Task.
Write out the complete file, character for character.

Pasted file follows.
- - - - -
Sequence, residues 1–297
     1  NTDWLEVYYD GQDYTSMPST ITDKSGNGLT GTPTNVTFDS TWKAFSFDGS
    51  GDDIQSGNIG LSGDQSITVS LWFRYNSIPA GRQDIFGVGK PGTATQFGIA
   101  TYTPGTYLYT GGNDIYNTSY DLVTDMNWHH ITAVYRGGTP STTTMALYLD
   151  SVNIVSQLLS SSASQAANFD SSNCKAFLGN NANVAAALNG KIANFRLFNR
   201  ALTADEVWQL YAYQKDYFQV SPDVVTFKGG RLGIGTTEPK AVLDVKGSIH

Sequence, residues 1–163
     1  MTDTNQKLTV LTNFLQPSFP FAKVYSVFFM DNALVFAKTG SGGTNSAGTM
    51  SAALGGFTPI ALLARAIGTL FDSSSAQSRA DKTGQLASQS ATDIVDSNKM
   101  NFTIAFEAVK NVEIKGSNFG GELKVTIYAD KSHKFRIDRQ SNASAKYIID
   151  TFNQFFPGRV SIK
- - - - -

Sequence, residues 1–297
     1  NTDWLEVYYD GQDYTSMPST ITDKSGNGLT GTPTNVTFDS TWKAFSFDGS
    51  GDDIQSGNIG LSGDQSITVS LWFRYNSIPA GRQDIFGVGK PGTATQFGIA
   101  TYTPGTYLYT GGNDIYNTSY DLVTDMNWHH ITAVYRGGTP STTTMALYLD
   151  SVNIVSQLLS SSASQAANFD SSNCKAFLGN NANVAAALNG KIANFRLFNR
   201  ALTADEVWQL YAYQKDYFQV SPDVVTFKGG RLGIGTTEPK AVLDVKGSIH

Sequence, residues 1–163
     1  MTDTNQKLTV LTNFLQPSFP FAKVYSVFFM DNALVFAKTG SGGTNSAGTM
    51  SAALGGFTPI ALLARAIGTL FDSSSAQSRA DKTGQLASQS ATDIVDSNKM
   101  NFTIAFEAVK NVEIKGSNFG GELKVTIYAD KSHKFRIDRQ SNASAKYIID
   151  TFNQFFPGRV SIK